Geography Prof. Aaron Berg was on CBC radio July 30 discussing his research involving a NASA satellite. Berg’s project is one of five nationally to receive funding this week from the Canadian Space Agency.Berg and his U of G team are using information gathered by NASA’s Soil Moisture Active Passive (SMAP) satellite to help farmers and meteorologists better predict crop yields, floods, droughts and seasonal weather forecasts.

Hospitality, Food and Tourism Prof. Marion Joppe was interviewed by ICI Radio-Canada, the Canadian French language radio network, July 29 about the potential effects of the lower Canadian dollar on tourism. Joppe teaches international tourism and marketing and studies heritage, ethnic and wellness tourism.

OVC postdoctoral researcher Tyler Flockhart  was on CTV’s popular morning show Canada AM on July 27. He discussed his research project aimed at helping municipalities deal with burgeoning cat populations. It includes placing radio collars on feral cats to better understand their behaviour. Flockhart was also featured on the popular CBC radio program Here and Now July 21 and on CTV news and CBC radio July 22.  In addition, he and Prof. Shane Bateman were featured by CBC and Yahoo! news July 20. Bateman, a clinical studies professor, is a veterinarian and chair of the board of the Guelph Humane Society. Flockhart is working under the supervision of Prof. Jason Coe in Population Medicine. Previously, he has been involved in U of G studies on the cause of the decline of monarch butterflies.

Prof. Merritt Turetsky, Integrative Biology, was interviewed by National Public Radio in the U.S. on July 27. Turetsky spoke about her research on permafrost in the Alaskan wilderness, and how, as it gets warmer in Alaska, the material that was previously frozen is now susceptible to burning quickly. She was also featured in a July 30 article in Tech Times about the effect of large Alaskan fires on climate change. Turetsky studies plant ecology and biogeochemistry, with a focus on permafrost degradation.

History Prof. Matthew Hayday has an op-ed column published in the Ottawa Citizen July 17. The article is a personal and historical look at the evolution of gay marriage in Canada and the United States. Hayday studies nationalism, identity politics and the history of Canada Day, as well as the history of bilingualism in English-speaking Canada.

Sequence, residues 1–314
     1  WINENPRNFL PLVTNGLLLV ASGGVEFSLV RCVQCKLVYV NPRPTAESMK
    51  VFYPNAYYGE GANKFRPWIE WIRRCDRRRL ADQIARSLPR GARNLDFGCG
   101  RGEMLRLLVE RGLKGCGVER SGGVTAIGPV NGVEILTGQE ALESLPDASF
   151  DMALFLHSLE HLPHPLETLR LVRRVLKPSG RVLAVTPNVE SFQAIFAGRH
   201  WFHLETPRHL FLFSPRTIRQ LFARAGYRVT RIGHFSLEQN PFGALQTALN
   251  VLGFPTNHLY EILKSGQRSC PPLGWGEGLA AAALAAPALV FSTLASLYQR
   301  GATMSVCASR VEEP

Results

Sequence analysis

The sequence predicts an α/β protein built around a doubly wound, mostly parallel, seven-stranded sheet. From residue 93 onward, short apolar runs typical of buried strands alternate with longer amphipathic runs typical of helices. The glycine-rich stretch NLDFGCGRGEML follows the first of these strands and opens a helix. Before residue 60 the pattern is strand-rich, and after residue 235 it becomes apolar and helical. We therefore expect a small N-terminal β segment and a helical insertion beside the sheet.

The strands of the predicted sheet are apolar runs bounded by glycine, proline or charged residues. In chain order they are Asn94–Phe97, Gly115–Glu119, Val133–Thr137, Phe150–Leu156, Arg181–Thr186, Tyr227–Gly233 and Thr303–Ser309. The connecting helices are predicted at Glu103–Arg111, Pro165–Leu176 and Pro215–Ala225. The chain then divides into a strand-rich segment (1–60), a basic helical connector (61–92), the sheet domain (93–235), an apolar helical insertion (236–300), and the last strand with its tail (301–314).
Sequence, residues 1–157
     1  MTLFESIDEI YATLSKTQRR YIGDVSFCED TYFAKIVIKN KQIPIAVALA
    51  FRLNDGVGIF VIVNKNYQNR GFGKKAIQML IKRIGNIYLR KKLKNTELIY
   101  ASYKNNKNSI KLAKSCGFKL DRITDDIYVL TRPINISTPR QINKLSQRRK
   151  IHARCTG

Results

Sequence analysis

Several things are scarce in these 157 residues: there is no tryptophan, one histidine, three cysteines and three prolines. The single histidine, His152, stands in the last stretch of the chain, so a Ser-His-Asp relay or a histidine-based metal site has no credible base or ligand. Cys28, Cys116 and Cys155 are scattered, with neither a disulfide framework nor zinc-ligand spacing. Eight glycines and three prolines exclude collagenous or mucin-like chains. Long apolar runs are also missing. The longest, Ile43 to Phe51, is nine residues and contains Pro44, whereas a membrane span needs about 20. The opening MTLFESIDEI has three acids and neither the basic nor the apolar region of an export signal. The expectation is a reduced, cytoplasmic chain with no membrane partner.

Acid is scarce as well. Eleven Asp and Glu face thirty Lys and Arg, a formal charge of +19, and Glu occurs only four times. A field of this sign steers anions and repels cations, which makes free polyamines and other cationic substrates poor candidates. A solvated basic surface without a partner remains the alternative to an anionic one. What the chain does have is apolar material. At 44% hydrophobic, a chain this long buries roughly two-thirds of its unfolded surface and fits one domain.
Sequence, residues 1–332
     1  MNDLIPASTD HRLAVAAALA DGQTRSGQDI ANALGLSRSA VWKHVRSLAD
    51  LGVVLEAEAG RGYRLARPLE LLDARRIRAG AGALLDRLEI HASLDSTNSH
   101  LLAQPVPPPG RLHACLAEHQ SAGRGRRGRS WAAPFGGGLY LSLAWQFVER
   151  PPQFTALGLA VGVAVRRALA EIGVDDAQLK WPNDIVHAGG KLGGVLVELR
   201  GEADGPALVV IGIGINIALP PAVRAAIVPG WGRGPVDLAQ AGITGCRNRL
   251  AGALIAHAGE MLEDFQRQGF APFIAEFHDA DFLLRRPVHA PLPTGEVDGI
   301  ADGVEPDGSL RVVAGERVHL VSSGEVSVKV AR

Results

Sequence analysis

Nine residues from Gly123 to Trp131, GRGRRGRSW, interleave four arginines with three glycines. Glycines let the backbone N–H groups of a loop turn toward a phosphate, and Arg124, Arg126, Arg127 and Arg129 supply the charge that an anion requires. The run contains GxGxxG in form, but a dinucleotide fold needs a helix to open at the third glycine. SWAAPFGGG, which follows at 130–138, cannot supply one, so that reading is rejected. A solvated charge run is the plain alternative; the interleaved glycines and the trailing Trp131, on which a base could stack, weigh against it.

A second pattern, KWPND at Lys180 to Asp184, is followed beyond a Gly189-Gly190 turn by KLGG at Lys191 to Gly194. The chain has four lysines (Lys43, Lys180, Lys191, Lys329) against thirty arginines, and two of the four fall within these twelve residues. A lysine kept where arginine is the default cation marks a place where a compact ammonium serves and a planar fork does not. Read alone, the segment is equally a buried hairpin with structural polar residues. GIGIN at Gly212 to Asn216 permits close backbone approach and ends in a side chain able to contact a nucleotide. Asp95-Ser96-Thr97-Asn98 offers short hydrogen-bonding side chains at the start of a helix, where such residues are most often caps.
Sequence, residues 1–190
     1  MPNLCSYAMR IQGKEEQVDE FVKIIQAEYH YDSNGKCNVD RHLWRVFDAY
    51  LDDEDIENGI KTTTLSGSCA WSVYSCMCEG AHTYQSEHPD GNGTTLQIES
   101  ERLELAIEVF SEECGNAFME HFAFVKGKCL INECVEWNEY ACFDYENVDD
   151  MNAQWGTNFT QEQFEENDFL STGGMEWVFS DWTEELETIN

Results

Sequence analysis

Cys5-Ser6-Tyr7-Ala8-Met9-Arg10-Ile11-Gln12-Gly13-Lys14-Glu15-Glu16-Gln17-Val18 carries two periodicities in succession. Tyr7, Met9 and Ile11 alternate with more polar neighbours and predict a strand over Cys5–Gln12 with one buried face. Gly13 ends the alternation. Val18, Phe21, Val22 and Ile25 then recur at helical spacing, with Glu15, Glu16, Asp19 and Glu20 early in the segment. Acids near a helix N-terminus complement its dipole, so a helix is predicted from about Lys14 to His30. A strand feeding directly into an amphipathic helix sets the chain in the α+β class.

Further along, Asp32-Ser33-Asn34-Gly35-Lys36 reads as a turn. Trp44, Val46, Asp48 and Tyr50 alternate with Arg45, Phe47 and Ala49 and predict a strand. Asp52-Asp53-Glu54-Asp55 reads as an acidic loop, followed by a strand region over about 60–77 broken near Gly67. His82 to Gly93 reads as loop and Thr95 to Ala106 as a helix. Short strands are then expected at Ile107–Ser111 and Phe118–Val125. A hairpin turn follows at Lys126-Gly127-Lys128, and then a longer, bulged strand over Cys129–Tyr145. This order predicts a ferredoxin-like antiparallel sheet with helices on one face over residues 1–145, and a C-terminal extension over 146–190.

Prof. Julia Christensen Hughes, dean of the College of Business and Economics, was featured in the  Globe and Mail July 17. She wrote an opinion column about her recent talk at the United Nations General Assembly of the Global Compact, where she represented members of the Principles for Responsible Management Education Initiative. In the op-ed, Christensen Hughes describes U of G’s vision for developing leaders for a sustainable world, and how accomplishing it has required transforming both teaching and learning methods.A U of G faculty member since 1987, Christensen Hughes is a leading researcher in curriculum development, student engagement and academic misconduct.

Prof. Doug Goff is also featured in the July 17 Globe and Mail, talking about how ice-cream makers are experimenting with bold new flavours. The Food Science professor is one of the world’s leading experts in ice cream science and technology, and has been behind some of the most important innovations in the history of ice cream. Goff has studied dairy processing and technology at Guelph for nearly 25 years, and o teaches U of G’s acclaimed 100-year-old ice cream technology course, the only one of its kind in Canada.

Prof. John Cranfield, chair of the Department of Food, Agricultural and Resource Economics, was quoted in a July 16 Toronto Star story. In the article, Cranfield discusses the challenges of meeting export demand during environmental challenges such as drought conditions, and the effect on consumers.A U of G professor since 2001, Cranfield studies consumer behaviour and demand analysis among individuals, households and markets.

Prof. Madhur Anand has been named one of Canada’s up-and-coming writers by the Canadian Broadcasting Corporation, which released its 2015 edition of CBC Books’ Writers to Watch July 16.The Environmental Sciences professor is being recognized for her debut poetry collection, A New Index for Predicting Catastrophes. Many of the poems reference Anand’s research, using images of nature and ecology as a theme, or to provide a metaphor for human experience or emotion.The collection was named one of 10 “trail-blazing” poetry volumes to read during National Poetry Month in April.